We aren’t the biggest texters and we don’t tend to stay in touch much outside of our adventures, save for the odd 3am message I’ll receive about a hotel “we absolutely have to hit” on our next trip. Odd as it is, this puts us in a pretty unique position: we’ll meet at an airport and everything is different yet nothing has changed at all. A time capsule of friendship buried for 18 months at a time.
A cracked windscreen on a US road trip saw Steve driving like Ace Ventura
We’ve had ups and downs, of course. If you thought it was bad luck to open an umbrella indoors, try the passenger seat of a sedan five days into a month-long coast-to-coast US road trip. It cracked the windscreen to such an extent Steve’s driving took on a distinctly Ace Ventura vibe.
Not to mention the odd itinerary drama like the time I left my passport in a Phoenix cab the day before we were due to fly to Los Angeles. Phoenix Airport bills itself as “America’s friendliest” – and they’re not wrong. I’ve still no idea how we were able to board the plane to LAX but we did despite some seriously tense hours before the flight. I’m pretty sure the stress aided my jet lag.
Travel has expanded our horizons more than we ever grasped
Still, it’s been a small price to pay for being able to enjoy the sorts of travel experiences that could only be shared: imaginary sword fights at a castle in Cork; belting out songs in a limo ride down the Las Vegas strip; singing Wonderwall on a late walk down the embankments of Amsterdam; clinking negronis while watching the sun fizzle into the Venetian lagoon.
Looking back, our earlier days of travel expanded our horizons in ways we never fully grasped at the time. When we first met, Steve was a carpenter, and now – I like to think having been part-inspired by our museum excursions in Rome and Berlin – he teaches history at middle school in the States. Meanwhile, I became a journalist who has been lucky enough to jet around the world for work, crossing five different continents and counting.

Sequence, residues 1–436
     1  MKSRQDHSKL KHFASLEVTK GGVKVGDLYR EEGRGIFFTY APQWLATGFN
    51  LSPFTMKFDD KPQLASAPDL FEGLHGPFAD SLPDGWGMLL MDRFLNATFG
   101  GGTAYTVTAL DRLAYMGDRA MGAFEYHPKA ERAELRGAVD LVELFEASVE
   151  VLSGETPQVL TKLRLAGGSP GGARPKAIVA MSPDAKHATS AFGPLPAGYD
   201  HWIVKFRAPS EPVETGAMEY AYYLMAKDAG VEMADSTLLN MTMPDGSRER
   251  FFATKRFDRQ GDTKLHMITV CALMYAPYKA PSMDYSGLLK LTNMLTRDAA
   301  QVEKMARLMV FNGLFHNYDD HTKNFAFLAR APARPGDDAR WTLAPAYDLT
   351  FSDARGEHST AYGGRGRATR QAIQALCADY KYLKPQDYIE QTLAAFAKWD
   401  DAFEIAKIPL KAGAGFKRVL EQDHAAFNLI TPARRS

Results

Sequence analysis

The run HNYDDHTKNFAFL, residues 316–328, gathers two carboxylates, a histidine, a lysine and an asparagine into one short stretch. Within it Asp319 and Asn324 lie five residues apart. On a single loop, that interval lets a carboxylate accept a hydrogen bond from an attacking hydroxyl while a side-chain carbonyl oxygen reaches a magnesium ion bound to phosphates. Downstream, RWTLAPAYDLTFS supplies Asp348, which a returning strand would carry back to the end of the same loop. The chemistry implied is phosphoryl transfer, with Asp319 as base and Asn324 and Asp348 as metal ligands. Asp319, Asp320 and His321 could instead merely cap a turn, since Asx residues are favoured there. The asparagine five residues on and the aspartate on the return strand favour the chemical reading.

Solo travel has its positives, of course. Yet, travelling with your mates is as much about the chat as it is about the destination. The chance to let a conversation breathe and connect on a deeper level than perhaps you would back home. There even comes a time on a trip when the world-class sights partially fade, but the laughs carve into your memory like the numerals on an ancient Roman ruin.
This year, Steve is bringing his son along for the ride
This August, Steve and his wonderful wife will fly across the Atlantic for a distinctly grown-up European trip, accompanied by me and my own better half. We’ve booked boat tours on the Amalfi coast and already set our sights on must-visit restaurants in Paris.
This time, Steve is also bringing his five-year-old son along for the ride. Who knows, perhaps one day this tiny guy will have his own best mate to travel the world with. Hopefully, with his brilliant dad and me to encourage him, he won’t have to look far to discover what friendship really means.
Man to Man is a new SOLO series exploring male friendship and modern masculinity, delivered by different voices, including former Red Bull adventure editor, Joe Ellison.
Flash Pack is on a mission to make 1 million friendships through shared group travel. Few groups need those connections more than men in their 30s and 40s. Find your pack today.
Images: courtesy of Joe Ellison